HERERA: And I would assume if that is correct that our next pick Walmart
would do the same.

LUSCHINI: Yes, besides the prospective wind fall from their lawsuit that
you just talked about, I still think, of course, they are a retail giant,
general merchandiser competing very effectively by the way against Amazon
(NASDAQ:AMZN) by way of their ecommerce initiative, which is big and fast
growing. And therefore, I think is well-positioned to address the consumer
needs from those fluent to less affluent alike.

HERERA: On that note, Mark, thank you so much.

LUSCHINI: You`re welcome, Sue.

HERERA: Mark Luschini with Janney Montgomery Scott, and as always, to read
more about mark`s picks, you can head to our website which is

GRIFFETH: Coming up, one entrepreneur`s “Bright Idea” that let to
fulfillment for his customers and for himself.


GRIFFETH: Toyota (NYSE:TM) is recalling more than 1 million vehicles on
concerns that the air bags may inflate without a crash or fail to work if
there is an accident. In the U.S., that recall applies to about 17,000
Scion XA car models for the years 2004 through 2006. Additional models
have been recalled in Japan and Europe.

HERERA: Do you ever wonder where all that stuff that you boy online is
kept or thousand gets shipped?

A lot of companies get helped by outsourcing. With an ecommerce boom
driving growth, third party logistics is worth almost $200 billion in the
U.S. alone. And that is why one entrepreneur from New York City got the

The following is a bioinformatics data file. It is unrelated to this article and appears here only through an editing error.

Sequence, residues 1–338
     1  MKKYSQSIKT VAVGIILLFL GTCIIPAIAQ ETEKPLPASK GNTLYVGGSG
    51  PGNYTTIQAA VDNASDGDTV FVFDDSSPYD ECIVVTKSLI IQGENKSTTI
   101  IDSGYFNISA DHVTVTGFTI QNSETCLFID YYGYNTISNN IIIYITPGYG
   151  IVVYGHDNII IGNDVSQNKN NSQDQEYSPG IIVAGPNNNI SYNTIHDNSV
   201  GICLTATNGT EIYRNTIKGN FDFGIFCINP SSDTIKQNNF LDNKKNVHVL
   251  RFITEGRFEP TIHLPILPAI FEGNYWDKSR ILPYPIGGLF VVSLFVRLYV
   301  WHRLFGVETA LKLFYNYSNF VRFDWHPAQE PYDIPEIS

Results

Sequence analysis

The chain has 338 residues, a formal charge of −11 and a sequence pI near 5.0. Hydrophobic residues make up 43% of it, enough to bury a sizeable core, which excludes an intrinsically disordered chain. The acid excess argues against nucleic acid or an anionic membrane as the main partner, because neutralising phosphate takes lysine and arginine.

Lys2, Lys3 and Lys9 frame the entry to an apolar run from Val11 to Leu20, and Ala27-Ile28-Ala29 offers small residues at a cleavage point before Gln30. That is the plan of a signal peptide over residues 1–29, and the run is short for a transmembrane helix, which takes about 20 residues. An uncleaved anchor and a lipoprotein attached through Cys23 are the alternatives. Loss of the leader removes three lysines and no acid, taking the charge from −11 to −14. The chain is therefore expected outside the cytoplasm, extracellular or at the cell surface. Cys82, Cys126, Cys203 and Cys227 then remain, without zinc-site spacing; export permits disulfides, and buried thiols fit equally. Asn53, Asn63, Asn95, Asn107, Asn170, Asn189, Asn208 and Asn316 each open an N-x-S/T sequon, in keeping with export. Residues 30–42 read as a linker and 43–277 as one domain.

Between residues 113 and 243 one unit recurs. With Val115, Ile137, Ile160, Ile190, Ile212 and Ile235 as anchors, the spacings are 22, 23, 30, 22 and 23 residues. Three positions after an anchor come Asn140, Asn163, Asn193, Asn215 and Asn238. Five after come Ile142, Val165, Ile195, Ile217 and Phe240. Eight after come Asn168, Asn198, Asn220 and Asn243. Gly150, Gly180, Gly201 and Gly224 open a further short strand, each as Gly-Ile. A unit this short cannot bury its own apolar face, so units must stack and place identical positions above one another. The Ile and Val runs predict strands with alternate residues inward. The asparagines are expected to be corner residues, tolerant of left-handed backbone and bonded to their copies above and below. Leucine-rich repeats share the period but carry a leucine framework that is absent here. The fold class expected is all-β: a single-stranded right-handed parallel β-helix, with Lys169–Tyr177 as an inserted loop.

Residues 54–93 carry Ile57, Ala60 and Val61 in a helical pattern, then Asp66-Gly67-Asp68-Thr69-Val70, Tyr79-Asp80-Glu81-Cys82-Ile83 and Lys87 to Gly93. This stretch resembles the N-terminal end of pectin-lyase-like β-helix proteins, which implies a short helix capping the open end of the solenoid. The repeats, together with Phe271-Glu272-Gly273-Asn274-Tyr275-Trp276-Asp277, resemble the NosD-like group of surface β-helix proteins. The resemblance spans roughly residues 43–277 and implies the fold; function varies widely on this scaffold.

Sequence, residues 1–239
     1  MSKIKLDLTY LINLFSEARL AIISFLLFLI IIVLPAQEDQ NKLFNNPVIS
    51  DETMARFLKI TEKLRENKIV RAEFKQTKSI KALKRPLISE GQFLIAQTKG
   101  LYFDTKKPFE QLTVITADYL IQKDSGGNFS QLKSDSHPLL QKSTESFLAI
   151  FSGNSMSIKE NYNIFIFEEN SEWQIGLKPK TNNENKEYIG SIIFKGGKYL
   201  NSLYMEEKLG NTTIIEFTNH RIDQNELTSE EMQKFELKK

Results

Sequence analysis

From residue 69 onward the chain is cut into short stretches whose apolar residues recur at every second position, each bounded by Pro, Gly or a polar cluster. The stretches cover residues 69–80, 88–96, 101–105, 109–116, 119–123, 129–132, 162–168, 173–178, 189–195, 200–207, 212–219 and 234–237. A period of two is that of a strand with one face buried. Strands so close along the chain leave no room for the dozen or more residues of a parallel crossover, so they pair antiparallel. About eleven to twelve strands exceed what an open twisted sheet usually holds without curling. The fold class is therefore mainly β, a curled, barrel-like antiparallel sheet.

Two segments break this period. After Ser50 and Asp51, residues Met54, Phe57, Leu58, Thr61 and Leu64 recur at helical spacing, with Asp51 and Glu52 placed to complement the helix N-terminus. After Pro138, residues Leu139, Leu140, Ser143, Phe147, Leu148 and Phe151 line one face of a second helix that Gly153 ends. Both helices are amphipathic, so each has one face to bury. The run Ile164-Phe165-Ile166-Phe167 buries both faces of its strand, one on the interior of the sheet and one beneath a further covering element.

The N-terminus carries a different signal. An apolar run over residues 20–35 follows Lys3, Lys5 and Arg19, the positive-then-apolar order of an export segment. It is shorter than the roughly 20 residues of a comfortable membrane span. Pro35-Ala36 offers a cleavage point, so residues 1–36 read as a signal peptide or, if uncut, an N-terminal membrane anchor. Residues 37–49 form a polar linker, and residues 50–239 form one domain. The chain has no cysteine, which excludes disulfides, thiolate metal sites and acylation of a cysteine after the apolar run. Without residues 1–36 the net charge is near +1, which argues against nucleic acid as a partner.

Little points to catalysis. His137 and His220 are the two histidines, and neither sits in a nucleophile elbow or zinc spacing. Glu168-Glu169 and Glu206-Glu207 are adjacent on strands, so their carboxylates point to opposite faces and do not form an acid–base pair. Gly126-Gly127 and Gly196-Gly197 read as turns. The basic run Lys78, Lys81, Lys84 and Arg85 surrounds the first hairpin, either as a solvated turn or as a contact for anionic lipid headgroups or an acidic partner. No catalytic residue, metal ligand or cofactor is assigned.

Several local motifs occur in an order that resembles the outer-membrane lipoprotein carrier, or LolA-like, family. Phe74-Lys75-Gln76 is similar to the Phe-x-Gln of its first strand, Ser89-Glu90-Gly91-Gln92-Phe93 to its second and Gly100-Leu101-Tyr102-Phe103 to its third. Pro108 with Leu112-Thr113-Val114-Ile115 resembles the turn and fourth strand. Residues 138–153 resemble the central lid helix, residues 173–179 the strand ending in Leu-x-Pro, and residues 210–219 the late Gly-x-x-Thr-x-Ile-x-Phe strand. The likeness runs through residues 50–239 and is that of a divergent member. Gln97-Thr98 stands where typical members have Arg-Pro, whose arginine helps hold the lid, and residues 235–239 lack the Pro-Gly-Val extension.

“Bright Idea” to help other companies make sure their products get from
here to there.


HERERA: Rafael Zakinov began selling high-end surplus watches and jewelry
working his way through college in 2009. He discounted prices and sold
online through Amazon (NASDAQ:AMZN), eBay (NASDAQ:EBAY) and others out of
an apartment in Queens.

a warehouse and the bedroom was a warehouse.

HERERA: As he filled the apartment with 10,000 items, Zakinov e began to
notice price differences between the Amazon (NASDAQ:AMZN) and eBays telling
friends and family running similar business that is they often paid too

ZAKINOV: I saw that they are really missing an opportunity to selling
elsewhere where the margins were better. None of them wanted to handle the
logistics or space was too expensive.

HERERA: A burgeoning ecommerce boom meant thousands of small businesses
needed help with storage, packaging, labeling and shipping.

ZAKINOV: I started calling up friends and it was like, hey, instead of you
sending everything to Amazon (NASDAQ:AMZN), send me it, I`ll send half to
Amazon (NASDAQ:AMZN), we`ll ill keep half and take back and ship it as the
orders come in.

HERERA: Starting in 2011, his company Ruby has Fulfillment, outgrew the
apartment and office space and a warehouse. By 2014, it was handling a
couple thousand orders a day. And Ruby took its conveyor systems and
shelving to a warehouse on Long Island.